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will make all my goodness to pass before thee." Exod. xxxiii. 18, 19.*
What we find in John xii. 23-32, is worthy of particular notice in this place. The words and behaviour of Christ, of which we have here an account, argue two things.
(1.) That the happiness and salvation of men was an end that Christ ultimately aimed at in his labours and sufferings.The very same things which were observed before, (chapter second, section third) concerning God's glory, are in the same manner observable concerning the salvation of men.Christ in the near approach of the most extreme difficulties which attended his undertaking, comforts himself in a certain prospect of obtaining the glory of God, as his great end. And at the same time, and exactly in the same manner is the salvation of men mentioned, as the end of these great labours and sufferings, which satisfied his soul in the prospect of undergoing them. (Compare the 23d and 24th verses; and also the 28th and 29th verses; ver. 31. and 32.)
(2.) The glory of God, and the emanations and fruits of his grace in man's salvation are so spoken of by Christ on this occasion in just the same manner, that it would be quite unnatural to understand him as speaking of two distinct things. Such is the connection, that what he says of the latter must most naturally be understood as exegetical of the former. He first speaks of his own glory, and the glory of his Father, as the great end that should be obtained by what he was about to suffer; and then explains and amplifies this, in what he expresses of the salvation of men that shall be obtained by it. Thus in the 23d verse, he says, "The hour is come that the Son of man should be glorified." And in what next follows, he evidently shews how he was to be glorified, or wherein his glory consisted: "Verily, verily, I say unto you, except a corn of wheat fall into the ground, and die, it abideth alone; but if it die, it bringeth forth much fruit." As much fruit is the glory of the seed, so is the multitude of redeemed ones, which should spring from his death, his glory. So concerning the glory of his Father, in the 27th and following verses. "Now is my soul
* Dr. Goodwin observes, (Vol. I. of his works, part 2d, page 166,) that riches of grace are called riches of glory in scripture. "The scripture," says he, "speaks of riches of glory in Eph. iii. 6. That he would grant you according to the riches of his glory; yet eminently mercy is there intended; for it is that which God bestows, and which the apostle there prayeth for. And he calls his mercy there his glory, as elsewhere he doth, as being the most eminent excellency in God. -That in Rom. ix. 22, 23. compared, is observable. In the 22d verse, where the apostle speaks of God's making known the power of his wrath, saith he, God willing to shew his wrath, and make his power known. But in verse 3d, when he comes to speak of mercy, he saith, That he might make known the riches of his glory on the vessels of mercy."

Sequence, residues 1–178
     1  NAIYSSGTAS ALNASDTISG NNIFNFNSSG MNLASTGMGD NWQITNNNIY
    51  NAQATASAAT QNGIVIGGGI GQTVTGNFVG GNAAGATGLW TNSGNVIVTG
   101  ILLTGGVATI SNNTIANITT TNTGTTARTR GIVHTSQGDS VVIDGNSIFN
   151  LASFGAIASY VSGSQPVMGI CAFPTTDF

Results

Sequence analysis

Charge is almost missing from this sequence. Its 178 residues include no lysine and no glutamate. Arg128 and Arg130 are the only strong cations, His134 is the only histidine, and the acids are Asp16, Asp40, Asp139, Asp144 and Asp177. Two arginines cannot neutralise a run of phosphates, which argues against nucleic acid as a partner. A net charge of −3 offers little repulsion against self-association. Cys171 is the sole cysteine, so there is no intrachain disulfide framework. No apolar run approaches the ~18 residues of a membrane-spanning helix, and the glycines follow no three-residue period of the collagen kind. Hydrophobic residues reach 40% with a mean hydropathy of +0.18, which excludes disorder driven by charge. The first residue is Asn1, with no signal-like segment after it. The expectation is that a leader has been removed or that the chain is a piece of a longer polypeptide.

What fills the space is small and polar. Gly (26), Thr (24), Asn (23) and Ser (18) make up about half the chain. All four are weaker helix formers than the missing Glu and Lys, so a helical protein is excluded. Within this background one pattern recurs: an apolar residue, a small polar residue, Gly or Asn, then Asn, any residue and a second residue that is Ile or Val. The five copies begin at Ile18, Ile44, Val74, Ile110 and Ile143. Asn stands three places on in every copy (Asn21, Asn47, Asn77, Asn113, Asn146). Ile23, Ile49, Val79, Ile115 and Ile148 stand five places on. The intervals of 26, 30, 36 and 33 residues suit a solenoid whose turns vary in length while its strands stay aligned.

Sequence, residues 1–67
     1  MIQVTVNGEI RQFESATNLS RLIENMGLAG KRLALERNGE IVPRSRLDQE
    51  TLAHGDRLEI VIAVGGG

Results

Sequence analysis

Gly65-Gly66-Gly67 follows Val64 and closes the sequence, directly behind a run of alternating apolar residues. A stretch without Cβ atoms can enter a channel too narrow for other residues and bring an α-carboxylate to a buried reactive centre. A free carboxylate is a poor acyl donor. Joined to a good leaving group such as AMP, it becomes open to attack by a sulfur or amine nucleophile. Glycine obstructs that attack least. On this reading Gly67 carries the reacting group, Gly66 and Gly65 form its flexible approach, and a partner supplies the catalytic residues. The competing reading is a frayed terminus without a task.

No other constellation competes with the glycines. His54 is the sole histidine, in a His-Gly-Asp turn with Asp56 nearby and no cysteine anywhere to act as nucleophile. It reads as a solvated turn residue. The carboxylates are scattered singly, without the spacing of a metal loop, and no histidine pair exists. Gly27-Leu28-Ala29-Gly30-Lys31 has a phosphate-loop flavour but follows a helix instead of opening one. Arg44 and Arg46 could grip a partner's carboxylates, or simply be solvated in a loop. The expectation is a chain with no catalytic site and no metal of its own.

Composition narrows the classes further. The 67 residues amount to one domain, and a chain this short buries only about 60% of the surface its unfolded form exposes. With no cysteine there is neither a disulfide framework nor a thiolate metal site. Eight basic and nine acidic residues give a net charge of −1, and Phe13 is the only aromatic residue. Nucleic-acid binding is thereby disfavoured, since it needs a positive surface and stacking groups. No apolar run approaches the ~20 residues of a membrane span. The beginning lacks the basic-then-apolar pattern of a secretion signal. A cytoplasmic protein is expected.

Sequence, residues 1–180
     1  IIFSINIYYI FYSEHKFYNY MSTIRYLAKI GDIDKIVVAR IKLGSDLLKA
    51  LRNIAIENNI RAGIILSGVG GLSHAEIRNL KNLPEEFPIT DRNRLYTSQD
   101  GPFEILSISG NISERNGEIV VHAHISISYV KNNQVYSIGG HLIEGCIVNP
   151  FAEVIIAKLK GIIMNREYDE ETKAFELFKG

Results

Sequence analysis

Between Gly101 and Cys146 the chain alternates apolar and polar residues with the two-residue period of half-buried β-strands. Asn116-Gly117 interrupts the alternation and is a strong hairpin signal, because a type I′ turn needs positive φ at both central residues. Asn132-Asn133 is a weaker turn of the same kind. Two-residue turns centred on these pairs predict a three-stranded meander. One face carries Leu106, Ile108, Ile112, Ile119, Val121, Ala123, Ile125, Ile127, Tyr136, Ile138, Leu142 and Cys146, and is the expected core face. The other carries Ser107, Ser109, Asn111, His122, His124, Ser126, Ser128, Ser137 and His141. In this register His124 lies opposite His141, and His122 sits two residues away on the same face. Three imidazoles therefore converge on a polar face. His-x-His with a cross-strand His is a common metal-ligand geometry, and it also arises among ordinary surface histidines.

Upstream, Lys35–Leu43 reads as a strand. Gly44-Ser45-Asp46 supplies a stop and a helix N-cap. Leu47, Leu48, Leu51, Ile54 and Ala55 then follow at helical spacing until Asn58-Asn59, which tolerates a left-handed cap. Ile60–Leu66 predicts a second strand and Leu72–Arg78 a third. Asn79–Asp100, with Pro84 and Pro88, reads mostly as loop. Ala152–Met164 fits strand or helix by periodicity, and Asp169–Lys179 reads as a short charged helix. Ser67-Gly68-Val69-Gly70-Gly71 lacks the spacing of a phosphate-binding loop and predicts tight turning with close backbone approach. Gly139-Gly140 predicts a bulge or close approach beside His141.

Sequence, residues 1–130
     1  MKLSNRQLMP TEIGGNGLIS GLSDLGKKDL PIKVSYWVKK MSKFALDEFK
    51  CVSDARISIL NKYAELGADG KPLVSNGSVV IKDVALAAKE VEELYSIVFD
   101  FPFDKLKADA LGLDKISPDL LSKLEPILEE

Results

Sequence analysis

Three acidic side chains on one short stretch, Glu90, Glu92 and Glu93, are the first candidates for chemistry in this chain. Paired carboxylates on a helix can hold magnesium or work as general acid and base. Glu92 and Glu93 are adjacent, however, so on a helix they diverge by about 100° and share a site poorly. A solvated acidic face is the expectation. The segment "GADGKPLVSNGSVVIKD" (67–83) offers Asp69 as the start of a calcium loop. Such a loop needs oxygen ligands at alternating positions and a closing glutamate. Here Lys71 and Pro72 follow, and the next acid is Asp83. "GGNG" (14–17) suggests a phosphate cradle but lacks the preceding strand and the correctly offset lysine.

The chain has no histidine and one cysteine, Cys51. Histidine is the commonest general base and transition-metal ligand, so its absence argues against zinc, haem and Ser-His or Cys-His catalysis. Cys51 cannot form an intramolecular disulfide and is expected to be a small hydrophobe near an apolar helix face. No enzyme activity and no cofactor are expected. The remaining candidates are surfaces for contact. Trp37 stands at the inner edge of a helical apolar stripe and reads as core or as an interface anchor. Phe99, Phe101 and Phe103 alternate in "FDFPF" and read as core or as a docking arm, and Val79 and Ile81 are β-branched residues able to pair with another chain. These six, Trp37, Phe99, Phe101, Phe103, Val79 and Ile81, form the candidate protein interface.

† Here may be remembered what was before observed of the church being so often spoken of as the glory and fulness of Christ.
troubled, and what shall I say? Father, save me from this hour! But for this cause came I unto this hour. Father, glorify thy name. Then came there a voice from heaven, saying, I have both glorified it, and will glorify it again." In an assurance of this, which this voice declared, Christ was greatly comforted, and his soul even exulted under the view of his approaching sufferings. And what this glory was in which Christ's soul was so comforted on this occasion, his own words plainly shew. When the people said, it thundered; and others said, an angel spake to him; Then Christ tells them what this voice meant. Ver. 30-32. "Jesus answered and said, This voice came not because of me, but for your sakes. Now is the judgment of this world; now shall the prince of this world be cast out. And I, if I be lifted up from the earth, will draw all men unto me." By this behaviour, and these speeches of our Redeemer, it appears, that the expressions of divine grace, in the sanctification and happiness of the redeemed, are especially that glory of his, and his Father, which was the joy that was set before him, for which he endured the cross, and despised the shame and that this glory especially, was the end of the travail of his soul, in obtaining which end he was satisfied. (Isa. liii. 10, 11.)
This is agreeable to what has been just observed, of God's glory being so often represented by an effulgence, or emanation, or communication of light, from a luminary or fountain of light. What can so naturally and aptly represent the emanation of the internal glory of God; or the flowing forth, and abundant communication of that infinite fulness of good that is in God? Light is very often in scripture put for comfort, joy, happiness, and for good in general*.